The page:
A request to increase surface parking in downtown Moncton by the company that owns the Blue Cross Centre was rejected by city councillors in a 7-4 vote Tuesday.
Slate Office REIT wanted to rezone 20 Record St., to allow a 365-space parking lot. It was rejected over concerns about the environment and how it could affect future requests to add more surface parking in a section of the city where such lots already accounts for about 40 per cent of the area.
Jeremy Kaupp, a director of asset management with Slate, said the company needed the parking to retain Blue Cross Centre tenants and to allow for growth.
The office complex along Main Street includes offices of Medavie Blue Cross, the Royal Bank of Canada, Atlantic Canada Opportunities Agency and Moncton's public library.
"I think the potential growth is imminent with the approval of this plan, otherwise they may look elsewhere," Kaupp told councillors before the vote.
Kaupp left city hall immediately after the vote and didn't stop when reporters followed him outside to ask him questions.
Jim Scott with Trace Planning and Design worked with Slate on its plans.
"It's unfortunate one of your biggest downtown building owners is not able to provide for their tenant base, and there will be a cost to that," Scott told reporters, later saying it could cause Slate to lose clients.
City staff had recommended approving the rezoning despite it going against city plans to reduce surface parking in favour of denser developments that incorporate parking garages.
City plans also call for exploring a parking corporation to manage development of a parking garage, park-and-ride options and other parking solutions.
Staff recommended approving the parking lot for several years because the city has yet to make progress on those plans.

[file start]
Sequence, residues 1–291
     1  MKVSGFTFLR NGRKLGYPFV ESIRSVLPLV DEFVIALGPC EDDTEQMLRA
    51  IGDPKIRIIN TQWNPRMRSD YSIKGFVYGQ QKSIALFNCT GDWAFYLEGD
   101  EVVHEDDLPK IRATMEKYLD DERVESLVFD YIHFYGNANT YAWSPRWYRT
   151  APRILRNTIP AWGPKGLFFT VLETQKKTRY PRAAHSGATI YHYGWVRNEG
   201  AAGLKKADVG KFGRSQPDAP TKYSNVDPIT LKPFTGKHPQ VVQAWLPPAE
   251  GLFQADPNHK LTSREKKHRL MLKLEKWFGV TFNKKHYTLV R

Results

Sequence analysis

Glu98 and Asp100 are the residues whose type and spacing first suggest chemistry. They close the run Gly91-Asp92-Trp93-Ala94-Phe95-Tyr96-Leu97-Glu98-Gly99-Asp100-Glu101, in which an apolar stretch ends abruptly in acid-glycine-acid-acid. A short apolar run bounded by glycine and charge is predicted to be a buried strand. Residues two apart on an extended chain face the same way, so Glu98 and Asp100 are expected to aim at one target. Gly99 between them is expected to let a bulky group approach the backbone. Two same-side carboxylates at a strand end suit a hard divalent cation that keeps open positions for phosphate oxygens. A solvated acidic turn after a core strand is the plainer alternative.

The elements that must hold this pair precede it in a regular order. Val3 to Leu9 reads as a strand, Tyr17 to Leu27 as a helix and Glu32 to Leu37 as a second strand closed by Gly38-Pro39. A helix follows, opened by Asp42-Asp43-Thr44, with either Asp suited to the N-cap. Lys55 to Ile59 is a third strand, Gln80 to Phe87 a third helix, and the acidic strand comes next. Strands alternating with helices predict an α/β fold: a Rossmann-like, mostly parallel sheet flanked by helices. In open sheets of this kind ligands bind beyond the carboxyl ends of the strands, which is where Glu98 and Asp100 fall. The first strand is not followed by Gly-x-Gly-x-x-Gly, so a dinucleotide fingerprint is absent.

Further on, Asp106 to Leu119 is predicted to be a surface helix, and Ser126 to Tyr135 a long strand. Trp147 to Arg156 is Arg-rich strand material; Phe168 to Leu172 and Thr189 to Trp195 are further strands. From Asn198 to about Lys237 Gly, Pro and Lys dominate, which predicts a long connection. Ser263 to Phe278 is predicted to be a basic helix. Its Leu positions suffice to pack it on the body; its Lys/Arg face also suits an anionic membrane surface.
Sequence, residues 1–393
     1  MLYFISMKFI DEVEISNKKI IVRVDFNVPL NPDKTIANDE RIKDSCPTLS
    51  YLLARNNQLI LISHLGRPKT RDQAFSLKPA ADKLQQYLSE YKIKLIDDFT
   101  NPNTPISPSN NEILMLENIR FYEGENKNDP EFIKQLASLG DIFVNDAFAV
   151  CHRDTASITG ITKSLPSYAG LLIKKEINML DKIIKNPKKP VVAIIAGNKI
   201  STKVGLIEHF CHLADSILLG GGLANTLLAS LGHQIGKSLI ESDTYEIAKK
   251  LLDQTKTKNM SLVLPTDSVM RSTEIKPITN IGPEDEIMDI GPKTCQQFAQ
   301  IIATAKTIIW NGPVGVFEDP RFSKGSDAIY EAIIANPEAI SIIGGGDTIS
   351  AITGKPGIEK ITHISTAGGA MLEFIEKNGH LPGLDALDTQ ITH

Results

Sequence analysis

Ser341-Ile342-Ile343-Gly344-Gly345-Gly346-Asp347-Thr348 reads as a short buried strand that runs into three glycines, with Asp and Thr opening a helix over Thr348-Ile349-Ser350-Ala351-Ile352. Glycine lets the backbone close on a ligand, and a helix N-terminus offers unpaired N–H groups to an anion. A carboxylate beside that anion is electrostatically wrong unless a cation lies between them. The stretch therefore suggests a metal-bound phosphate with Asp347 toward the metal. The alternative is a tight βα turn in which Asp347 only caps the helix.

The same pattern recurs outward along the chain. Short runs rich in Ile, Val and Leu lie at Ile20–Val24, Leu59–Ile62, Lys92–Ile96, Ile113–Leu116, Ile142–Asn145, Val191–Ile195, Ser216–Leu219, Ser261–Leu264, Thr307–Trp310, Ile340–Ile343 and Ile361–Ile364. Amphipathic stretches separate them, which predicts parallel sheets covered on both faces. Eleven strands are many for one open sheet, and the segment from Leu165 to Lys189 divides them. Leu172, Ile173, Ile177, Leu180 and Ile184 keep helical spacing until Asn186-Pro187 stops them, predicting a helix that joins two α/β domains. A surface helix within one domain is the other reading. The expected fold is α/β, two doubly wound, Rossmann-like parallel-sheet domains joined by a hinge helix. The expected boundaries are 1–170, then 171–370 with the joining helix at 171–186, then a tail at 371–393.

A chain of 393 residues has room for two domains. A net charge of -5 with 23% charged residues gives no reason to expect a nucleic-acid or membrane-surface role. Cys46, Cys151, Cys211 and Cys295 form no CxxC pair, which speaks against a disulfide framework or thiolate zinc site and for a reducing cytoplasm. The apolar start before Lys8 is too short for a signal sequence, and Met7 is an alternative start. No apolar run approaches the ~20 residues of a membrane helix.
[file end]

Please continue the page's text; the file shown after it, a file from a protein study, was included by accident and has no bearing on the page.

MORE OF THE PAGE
The pitch was met with resistance from when it first went to council in April. Coun. Paul Pellerin called it a "complete contradiction" to the city's message on surface parking parking.
About a dozen people, some wearing green fabric squares pinned to their clothes, attended the meeting and applauded when the rezoning failed.
Alex Arseneau said approving the parking lot would've been a step backward after councillors declared a climate emergency.
"We're really glad they stuck with what they said and it wasn't just some empty promise," the University of Moncton student told reporters.
Lise Ethier donned a hospital-style mask as she urged councillors to support a healthy planet.
"More parking is more carbon, more carbon is no good," Ethier said.
Downtown Moncton Centre-ville Inc., an association of downtown businesses, raised concerns with the rezoning. In a letter to council, the group stated approval would set the precedent for more surface parking.
Heritage Resources Inc., a major property owner and developer, opposed the plan. It said the lot would create an "unfair competitive advantage" for a business over others facing similar pressures.
About 1,200 people work at the Blue Cross Centre. Slate said it has a waiting list for parking spaces that includes 500 vehicles.
Mayor Dawn Arnold said the city continues to have a car-obsessed mentality and that the parking lot issue shows the need for a change.